Tuesday, November 02, 2010
Bronchial Thermoplasty: New Surgery To Treat Asthma
People with chronic asthma often develop a thickening of the smooth muscle lining the airways. Not only do you have too much muscle, it's too twitchy. If you have irritants in the airways, they can close down almost to the size of a pinhole. Most asthma medications work by reducing that "twitchiness. Bronchial thermoplasty uses radiofrequency waves to shrink the smooth muscle itself, a new approach to treating asthma symptoms.
This is the first non-drug treatment for asthma, and it's a very promising technology for patients who have been taking all the medications and whose symptoms are still not completely controlled.
National Jewish and New York's Beth Israel Medical Center are two of about 30 medical centers in the U.S. currently offering bronchial thermoplasty, which was approved by the Food and Drug Administration in April. It was developed by Asthmatix Inc. The company was acquired by Boston Scientific Corp. in September and expects more hospitals to offer the procedure in the future.
Since bronchial thermoplasty is so new, few insurers cover it yet. The total cost to patients can range from $12,000 to $18,000. But some people with severe asthma pay that much per year for medications, doctor visits and hospital expenses.
This is an invasive procedure. It has some risks associated with it, mainly lung collapse, bleeding and additional breathing problems, mostly related to the bronchoscope. Patients also must be at least 18 years old to have the procedure. Since there are no nerves inside the airways, bronchial thermoplasty isn't painful. But patients generally do feel worse for a day or two following the treatments—one reason the procedure is divided into three separate treatments. There's a lot of mucous to cough up, and your throat is a little sore from putting the tube down in it.
Afterward, however, their symptoms improve—sometimes dramatically. In a randomized, double-blind controlled study of 297 patients at 30 sites, those treated with the Alair device had a 32% reduction in asthma attacks, an 84% reduction in emergency-room visits and a 66% reduction in school or work days lost due to asthma. Those results continued when the patients were evaluated again two years after the treatment, according to data presented this week at the annual CHEST conference of the American College of Chest Physicians meeting in Vancouver, Canada.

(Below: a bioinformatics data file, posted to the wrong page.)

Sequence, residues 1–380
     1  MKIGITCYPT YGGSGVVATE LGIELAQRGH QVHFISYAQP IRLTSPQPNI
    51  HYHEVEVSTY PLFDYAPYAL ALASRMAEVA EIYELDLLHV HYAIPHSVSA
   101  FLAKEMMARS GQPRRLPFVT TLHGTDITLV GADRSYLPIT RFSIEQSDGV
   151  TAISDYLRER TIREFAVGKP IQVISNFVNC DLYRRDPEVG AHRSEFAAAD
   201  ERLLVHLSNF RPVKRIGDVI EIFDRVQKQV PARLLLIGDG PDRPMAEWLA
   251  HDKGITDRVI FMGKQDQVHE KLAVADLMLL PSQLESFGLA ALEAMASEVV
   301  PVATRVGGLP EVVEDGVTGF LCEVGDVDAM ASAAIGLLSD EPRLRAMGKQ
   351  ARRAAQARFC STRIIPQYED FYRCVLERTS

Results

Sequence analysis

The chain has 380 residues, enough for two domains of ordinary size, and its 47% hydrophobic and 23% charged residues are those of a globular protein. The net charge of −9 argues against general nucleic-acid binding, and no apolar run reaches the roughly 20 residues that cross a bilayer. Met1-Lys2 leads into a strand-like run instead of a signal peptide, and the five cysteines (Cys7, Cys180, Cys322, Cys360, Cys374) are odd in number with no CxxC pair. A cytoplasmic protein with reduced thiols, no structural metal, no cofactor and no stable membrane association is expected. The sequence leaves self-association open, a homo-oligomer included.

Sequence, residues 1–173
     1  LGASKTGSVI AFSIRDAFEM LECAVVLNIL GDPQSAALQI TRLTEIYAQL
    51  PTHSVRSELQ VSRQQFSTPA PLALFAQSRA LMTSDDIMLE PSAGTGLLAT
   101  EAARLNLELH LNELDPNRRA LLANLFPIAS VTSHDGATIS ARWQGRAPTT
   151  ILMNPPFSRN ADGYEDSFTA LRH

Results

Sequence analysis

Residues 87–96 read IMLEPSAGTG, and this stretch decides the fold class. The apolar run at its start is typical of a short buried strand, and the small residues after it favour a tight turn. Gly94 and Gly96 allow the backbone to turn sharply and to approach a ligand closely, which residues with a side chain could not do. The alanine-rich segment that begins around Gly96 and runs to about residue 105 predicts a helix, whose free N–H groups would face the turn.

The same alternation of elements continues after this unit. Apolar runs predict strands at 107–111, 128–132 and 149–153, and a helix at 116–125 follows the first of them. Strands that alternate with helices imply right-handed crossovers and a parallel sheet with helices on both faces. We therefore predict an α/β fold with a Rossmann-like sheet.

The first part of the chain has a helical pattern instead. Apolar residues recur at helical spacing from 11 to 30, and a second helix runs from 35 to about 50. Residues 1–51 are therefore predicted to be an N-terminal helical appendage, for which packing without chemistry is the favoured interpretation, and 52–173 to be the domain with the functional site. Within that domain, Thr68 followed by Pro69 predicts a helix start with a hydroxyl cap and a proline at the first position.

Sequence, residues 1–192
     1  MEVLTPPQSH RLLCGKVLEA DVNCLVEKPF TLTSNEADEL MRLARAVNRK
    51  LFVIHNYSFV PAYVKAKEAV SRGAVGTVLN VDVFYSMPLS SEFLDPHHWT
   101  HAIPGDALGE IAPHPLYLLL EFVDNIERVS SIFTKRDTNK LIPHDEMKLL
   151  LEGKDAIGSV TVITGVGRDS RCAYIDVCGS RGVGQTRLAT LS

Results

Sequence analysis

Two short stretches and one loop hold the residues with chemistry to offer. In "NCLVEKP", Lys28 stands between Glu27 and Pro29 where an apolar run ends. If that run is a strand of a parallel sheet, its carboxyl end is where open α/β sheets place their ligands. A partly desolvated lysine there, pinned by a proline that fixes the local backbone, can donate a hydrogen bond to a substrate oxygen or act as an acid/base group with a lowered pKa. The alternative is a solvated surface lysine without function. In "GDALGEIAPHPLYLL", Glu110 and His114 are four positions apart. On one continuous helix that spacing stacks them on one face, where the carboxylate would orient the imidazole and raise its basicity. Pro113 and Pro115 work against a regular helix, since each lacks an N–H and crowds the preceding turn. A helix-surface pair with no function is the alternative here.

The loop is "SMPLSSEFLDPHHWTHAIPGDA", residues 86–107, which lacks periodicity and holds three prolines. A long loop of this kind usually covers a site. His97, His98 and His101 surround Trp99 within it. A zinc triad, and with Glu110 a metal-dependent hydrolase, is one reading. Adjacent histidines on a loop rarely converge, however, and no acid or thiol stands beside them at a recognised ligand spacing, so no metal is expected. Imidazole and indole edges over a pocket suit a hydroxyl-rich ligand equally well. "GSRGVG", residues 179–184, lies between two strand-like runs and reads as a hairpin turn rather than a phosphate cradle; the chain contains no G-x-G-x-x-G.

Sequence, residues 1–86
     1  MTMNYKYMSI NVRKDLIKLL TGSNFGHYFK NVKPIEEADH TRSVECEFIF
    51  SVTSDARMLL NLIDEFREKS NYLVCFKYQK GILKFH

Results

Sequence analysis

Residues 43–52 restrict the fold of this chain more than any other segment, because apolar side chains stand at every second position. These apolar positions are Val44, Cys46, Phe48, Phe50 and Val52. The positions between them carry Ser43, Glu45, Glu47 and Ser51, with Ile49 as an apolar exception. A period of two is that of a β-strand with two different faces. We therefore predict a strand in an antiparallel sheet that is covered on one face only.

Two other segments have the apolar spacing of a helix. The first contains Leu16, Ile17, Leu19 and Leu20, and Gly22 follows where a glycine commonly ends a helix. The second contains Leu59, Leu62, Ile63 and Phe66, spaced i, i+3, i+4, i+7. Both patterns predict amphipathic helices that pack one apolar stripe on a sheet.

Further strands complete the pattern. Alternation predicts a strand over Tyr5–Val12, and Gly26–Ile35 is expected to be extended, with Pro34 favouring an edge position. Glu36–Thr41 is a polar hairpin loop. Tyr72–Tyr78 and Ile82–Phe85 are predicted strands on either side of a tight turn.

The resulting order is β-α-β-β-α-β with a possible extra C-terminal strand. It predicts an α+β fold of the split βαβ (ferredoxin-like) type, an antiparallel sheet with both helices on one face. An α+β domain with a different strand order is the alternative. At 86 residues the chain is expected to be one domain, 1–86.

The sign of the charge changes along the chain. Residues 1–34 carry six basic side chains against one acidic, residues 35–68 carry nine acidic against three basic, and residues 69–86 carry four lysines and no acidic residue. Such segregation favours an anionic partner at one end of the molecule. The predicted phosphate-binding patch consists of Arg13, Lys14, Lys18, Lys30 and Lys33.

Bronchial thermoplasty is done in three separate treatments, each focusing on different sections of the lungs. With the patient under light sedation, the interventional pulmonologist guides a standard bronchoscope, a long, flexible tube, through the patient's mouth or nose as far as possible down each airway. An attached camera and light allow the physician to view the airway on a video screen. The thermoplasty device, called the Alair System, travels inside the bronchoscope and has an array of electrodes on its tip that extends and expands to contact the airway walls. The electrodes are then heated with radiofrequency energy, shrinking the muscle and creating a larger opening.
Each activation of the device treats less than an inch of airway. The pulmonologist moves the device and activates it again and again along the dozens of bronchial branches. Some patients have been followed for more than four years now and the smooth muscle in the airways does not become thickened again. The muscle is just gone. It does not grow back.
Patients may still need to use their asthma-maintenance medications after the procedure, although many use their rescue inhalers less often and are able to engage in far more strenuous physical activity than before.
Experts do caution that bronchial thermoplasty isn't for patients with mild, occasional asthma—only those who are taking all possible medications and still having symptoms. As of now, the company estimates that about 10% of asthma sufferers are potential candidates. Some asthma sufferers may be too sick to for bronchial thermoplasty. Those with an FEV1 (for Forced Expiratory Volume, a measure of air exhaled per second) of less than 50% of normal aren't considered good candidates. (WSJ, 11/1/2010)